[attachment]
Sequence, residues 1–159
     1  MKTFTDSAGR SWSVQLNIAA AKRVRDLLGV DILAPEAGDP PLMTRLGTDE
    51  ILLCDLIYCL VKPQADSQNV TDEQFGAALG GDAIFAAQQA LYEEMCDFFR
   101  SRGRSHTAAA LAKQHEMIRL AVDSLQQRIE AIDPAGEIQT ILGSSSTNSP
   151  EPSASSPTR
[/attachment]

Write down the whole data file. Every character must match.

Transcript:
Sequence, residues 1–159
     1  MKTFTDSAGR SWSVQLNIAA AKRVRDLLGV DILAPEAGDP PLMTRLGTDE
    51  ILLCDLIYCL VKPQADSQNV TDEQFGAALG GDAIFAAQQA LYEEMCDFFR
   101  SRGRSHTAAA LAKQHEMIRL AVDSLQQRIE AIDPAGEIQT ILGSSSTNSP
   151  EPSASSPTR